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Adjustable 350T Regulator

Anyone who has played with these little workhorses of our world and wondered how they work, read on.

Adjustable 350T Regulator

Anyone that has played with these little workhorses of our world and wondered how they work, read on. The standard three-terminal regulators like the 7805 (5v) are what most people see and use without thinking too much about them. All voltage regulators work about the same. They read a reference voltage between Volts In and Ground and/or Volts Out and they use this reference to set the output voltage. When a load is applied, this reference keeps the output voltage steady.

You can play games with these old regulators by putting a resistor between the Ground Pin and Ground. This can make a standard 7805 give any voltage between 5 volts and your supply voltage. This shows how much regulators are the same.

About supply voltage to a regulator: You need to have at least the regulated voltage plus 2/3 more for basic operation of a regulator. That is, 5 plus about 4 equals about 9 volts, the minimum to get a steady regulated output from a 7805. You also need the current capability of your supply to equal at least twice as much current as your circuit needs. Why? Too little input current equals poor regulation. The regulator will lose its reference voltage.

A good starting point is about twice the voltage and the current that your circuit needs. So for a 5-volt regulator, a 12-volt, 1.5-amp supply is fine. Twelve volts is on the low side for good stable regulation, but having 1.5 amps available makes it a good power supply for a great many things. Each LED uses about 5-10 milliamps. Each servo uses about 20 milliamps. Each motor, 20 to 50 milliamps; and so on. (One amp is 1000 milliamps.)

A power LED is a great way to monitor your power supply. Use a standard-sized LED, in series with a 460Ω to 1000Ω (1kΩ) resistor, connected across power and ground. It will dim and flicker a little each time something like a servo or motor starts up, and that is normal. If the LED stays dim, then you may have something wrong. Not having enough power will do this. Regulators will just shut down or act funny if they do not have enough input voltage for stable operation.

Adjustable regulators look the same as any other regulator, but they are not the same. Read your documentation. They usually have no ground pin. The center pin (2) and the heatsink are not ground and should not be connected to ground. In the LM350T 3-amp regulator, only R2 connects to ground. In the circuit R1 connects to Volts Out and to pin 1 (Adjust) and R2 connects to pin 1 (Adjust) and to ground. You set your output voltage by adjusting R1 and R2 until you get about 1.25 volts across R1. Then R2 gives you the voltage range of your regulator with your supply. It can be fun getting this to work if your supply voltage and/or current are too low. Look at my R1 at 754Ω. R1’s range is affected by how big the difference is between your supply voltage and your regulated output voltage. See the pictures.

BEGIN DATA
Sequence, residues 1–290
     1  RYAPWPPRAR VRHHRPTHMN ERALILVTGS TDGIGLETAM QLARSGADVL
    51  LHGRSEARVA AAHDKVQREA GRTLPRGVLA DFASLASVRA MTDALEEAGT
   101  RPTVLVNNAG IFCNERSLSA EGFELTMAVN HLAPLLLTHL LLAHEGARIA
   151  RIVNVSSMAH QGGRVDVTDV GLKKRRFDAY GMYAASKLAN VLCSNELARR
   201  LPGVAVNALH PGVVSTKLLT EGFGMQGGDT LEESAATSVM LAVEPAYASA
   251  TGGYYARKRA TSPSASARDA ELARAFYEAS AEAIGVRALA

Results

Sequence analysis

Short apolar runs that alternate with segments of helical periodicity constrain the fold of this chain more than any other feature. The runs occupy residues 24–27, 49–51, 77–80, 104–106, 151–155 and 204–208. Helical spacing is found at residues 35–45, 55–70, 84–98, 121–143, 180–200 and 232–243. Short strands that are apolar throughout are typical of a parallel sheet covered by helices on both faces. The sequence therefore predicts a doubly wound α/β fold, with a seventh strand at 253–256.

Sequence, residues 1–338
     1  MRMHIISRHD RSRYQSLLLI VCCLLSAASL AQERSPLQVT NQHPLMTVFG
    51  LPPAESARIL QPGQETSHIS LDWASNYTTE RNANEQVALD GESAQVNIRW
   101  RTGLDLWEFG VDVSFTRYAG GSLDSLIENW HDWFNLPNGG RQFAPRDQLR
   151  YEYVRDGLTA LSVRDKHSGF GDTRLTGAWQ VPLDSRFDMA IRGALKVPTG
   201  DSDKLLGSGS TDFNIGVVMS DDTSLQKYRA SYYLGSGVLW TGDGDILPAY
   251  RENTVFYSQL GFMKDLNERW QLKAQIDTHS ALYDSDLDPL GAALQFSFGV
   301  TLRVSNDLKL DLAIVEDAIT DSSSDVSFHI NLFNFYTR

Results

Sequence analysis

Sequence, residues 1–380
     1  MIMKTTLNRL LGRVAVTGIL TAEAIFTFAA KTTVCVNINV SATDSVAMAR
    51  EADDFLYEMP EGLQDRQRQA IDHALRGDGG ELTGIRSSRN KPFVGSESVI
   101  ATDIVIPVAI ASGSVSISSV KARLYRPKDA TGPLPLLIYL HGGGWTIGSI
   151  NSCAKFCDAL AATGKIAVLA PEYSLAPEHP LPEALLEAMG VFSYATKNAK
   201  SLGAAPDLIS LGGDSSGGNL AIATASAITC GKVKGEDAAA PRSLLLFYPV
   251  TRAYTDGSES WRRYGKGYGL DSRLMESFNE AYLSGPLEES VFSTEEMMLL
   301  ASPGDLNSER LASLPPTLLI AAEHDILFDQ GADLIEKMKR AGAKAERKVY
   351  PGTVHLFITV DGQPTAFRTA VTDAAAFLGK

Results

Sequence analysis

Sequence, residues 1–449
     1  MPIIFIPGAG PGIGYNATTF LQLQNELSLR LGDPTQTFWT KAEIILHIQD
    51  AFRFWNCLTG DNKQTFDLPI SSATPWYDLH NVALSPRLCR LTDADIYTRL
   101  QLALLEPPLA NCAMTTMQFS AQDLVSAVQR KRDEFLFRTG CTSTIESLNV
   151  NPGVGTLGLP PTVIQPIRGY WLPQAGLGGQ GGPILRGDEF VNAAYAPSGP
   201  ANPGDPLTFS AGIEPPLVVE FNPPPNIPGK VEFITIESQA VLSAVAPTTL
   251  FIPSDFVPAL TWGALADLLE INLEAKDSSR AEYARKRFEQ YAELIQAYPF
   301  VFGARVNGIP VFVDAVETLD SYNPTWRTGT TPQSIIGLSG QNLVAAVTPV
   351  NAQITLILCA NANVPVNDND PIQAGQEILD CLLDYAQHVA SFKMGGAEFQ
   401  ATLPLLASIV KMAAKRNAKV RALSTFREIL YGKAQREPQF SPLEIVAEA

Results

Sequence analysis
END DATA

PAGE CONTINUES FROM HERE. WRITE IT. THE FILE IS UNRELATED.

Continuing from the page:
Regulators make great battery chargers. What is a battery charger? It is about 1.5 times your battery’s voltage with enough current to tell the battery you are charging it. Too little voltage or current and the battery will just think you are a load. A car battery is an example: you only need about 16 volts, but you need to supply about 10 or more amps to be a charger for it.

Higher voltages with low current are trickle chargers. Remote-controlled toys usually have a battery pack of two or more cells. Each cell is 1.2 volts. Just add them up and multiply them by 1.5 to get your starting supply voltage for charging. Use a power supply that provides two or three times the current of your battery pack and you have a charger for it.

Charging a battery requires monitoring the current going into the battery. When you first hook up your charger the current will be high. When the battery reaches a full charge the current will drop. Put a resistor of about 100 ohms between the charger’s "plus" lead and the battery’s "plus" terminal, measure the voltage across it and use Ohm’s law to get your charging current: I=V/R. You can use an analogue port of a microprocessor to control your battery charger. Many things are possible.

For the battery adapter for my Picaxe 28 project board I made the circuit diagram as simple as possible because the 350 regulator looks like any other regulator. Do not hook the heatsink (pin 2) to ground. Use a heatsink if you need to. You may need to readjust the pots if you use a higher supply voltage. The 350 is a 3-amp regulator so you can use a higher current supply too. These kinds of adapters make robots and things easier to play with. I left the pots in so that I could use my adapter for other things. All of the parts are available from Jameco.com and other sites and most at RadioShack.

Enjoy

Steve

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Regulators are fun!


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